The purpose of this lesson is to inspire and engage students to use creative and critical thinking skills to make decisions and designs that impact an urban area. This cross-curricular approach to Design Thinking, allows students the freedom to use and connect their inquires to real examples. The activity is intended for group or collaborative learning and uses a combination of whole class and small group facilitation with access to a variety of tools. The final product is a Design and proposal of a chosen Urban Landscape in their own community. Minecraft (and lego) are ideal platforms for students to use resources and tools collaborative to display their concepts. The example lesson (below) was facilitated with a group of 7th and 8th Graders in the Gifted Program at HWDSB.
Design Thinking – How are Urban Landscapes changing to meet the needs of people and communities of the present and future?
Throughout their schooling, our students learn why cities are built along waterways. Most Social Studies (History, Geography) curriculums emphasize the impact of Early Settlements and Explorers at the turn of the 19th Century. Students learn about industrialization and as they move along in grades and age, they begin to make connections between the age of industrialization, globalization, communities, Social Justice and Environment. Our learners have and will make strong connections about how the age of industrialization has impacted them and the world around them. Eventually, they will use this knowledge to move forward and apply 21st Century technologies to make change and adaptations to the world around them.
The picture here is Hamilton, Ontario, situated on the Western part of Lake Ontario (across from Toronto, South of Niagara Falls). The area at the bottom of the picture display the industries and factories that gave Hamilton it’s nick name – Steel Town. Over the last few years, many of these factories have downsized, been bought out, or have shut down.
This is a REAL example that IMPACTS my students. It is their community, their city, their economy. They need to feel compelled and INSPIRED to care, to understand why this single example connects to people and events around the world.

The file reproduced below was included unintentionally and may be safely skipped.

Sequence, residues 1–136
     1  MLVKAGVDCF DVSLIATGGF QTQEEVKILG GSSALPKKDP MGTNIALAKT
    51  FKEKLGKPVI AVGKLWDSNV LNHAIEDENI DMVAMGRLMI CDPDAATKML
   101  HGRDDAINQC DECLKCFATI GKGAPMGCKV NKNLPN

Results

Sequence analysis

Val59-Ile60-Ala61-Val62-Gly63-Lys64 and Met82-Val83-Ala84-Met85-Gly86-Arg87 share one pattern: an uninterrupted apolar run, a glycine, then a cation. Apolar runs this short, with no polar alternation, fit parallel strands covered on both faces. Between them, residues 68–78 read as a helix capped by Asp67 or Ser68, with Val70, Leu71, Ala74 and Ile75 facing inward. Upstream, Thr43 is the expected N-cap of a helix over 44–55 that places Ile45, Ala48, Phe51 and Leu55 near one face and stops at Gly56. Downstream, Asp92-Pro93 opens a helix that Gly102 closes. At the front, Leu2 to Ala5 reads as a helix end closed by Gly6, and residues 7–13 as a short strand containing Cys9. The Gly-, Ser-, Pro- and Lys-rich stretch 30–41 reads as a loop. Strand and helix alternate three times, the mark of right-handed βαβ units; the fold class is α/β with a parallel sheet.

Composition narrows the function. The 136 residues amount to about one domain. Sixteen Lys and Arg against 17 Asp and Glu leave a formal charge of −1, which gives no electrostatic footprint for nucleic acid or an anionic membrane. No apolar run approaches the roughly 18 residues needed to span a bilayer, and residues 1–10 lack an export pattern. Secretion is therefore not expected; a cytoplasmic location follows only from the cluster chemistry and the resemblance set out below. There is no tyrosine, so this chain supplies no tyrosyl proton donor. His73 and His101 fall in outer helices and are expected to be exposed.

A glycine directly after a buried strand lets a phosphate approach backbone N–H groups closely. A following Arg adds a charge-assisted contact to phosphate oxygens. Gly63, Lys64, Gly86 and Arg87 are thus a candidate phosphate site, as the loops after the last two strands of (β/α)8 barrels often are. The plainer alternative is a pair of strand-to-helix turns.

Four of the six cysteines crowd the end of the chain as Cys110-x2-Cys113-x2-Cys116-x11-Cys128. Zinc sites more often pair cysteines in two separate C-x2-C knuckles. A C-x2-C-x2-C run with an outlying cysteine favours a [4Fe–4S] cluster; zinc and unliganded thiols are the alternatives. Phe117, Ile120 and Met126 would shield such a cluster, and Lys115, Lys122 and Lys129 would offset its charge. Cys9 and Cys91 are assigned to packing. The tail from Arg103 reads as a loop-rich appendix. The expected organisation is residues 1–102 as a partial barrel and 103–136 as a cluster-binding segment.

Ask the Learners to think Big: How can old technologies and industries be transformed to meet the needs of today..and the future? WHY does it matter?
In most big cities, there are areas just like Hamilton where the industries that occupy the space are changing in scale and nature. Many are approaching the end of their time. This is an excellent opportunity to have students explore, investigate and make real world connections. Who knows, maybe one of their ideas and concepts will become a reality.
Ask them to think BIGGER.
What makes a good city? Why?
What is the difference between demolishing and restoring?
How are cities changing or how should they change to meet the needs of a growing population?
Invite students to make GLOBAL Connections – In this short and compelling talk Kent Larson gives many examples of how cities and industries are changing to meet the needs of the future.
Kent Larson: Brilliant designs to fit more people in every city gives some examples that apply to the now and the future….
Bring it back to a local example and invite students to share potential ideas, concerns and insights from those shared by Larson. Are the innovations realistic? Doable? Possible? How do the ideas and theories from other communities impact our community?
Return to Barton and Tiffany (Hamilton’s Industry Land)
Invite students to explore examples from other local areas. Examples that are real and possible. Here is one from Hamilton’s Neighbour – Toronto.The Cherry Beach area, along the Toronto Waterfront that seems to only be used by locals. Paths, and parks boarder along industries and along the waterfront.
Invite students to share the many examples of how land and space can be restored to attract people and improve communities. This picture is an example of bike and pedestrian paths that were added behind roads, beside roads, on the side of factories and even along old rail lines, eventually leading to the Beaches area of Toronto.
1) In pairs or groups, continue to investigate the history and examples of urban redevelopment both locally and globally.
2)Draw, Sketch and Discuss alternatives to the land.
3) Co-create and build the land in the Minecraft and/or LEGO Environment – Flat Land (collaborative server).
4) Using a shared Document, presentation style, ADD a captured screen shot of the proposed concept/design.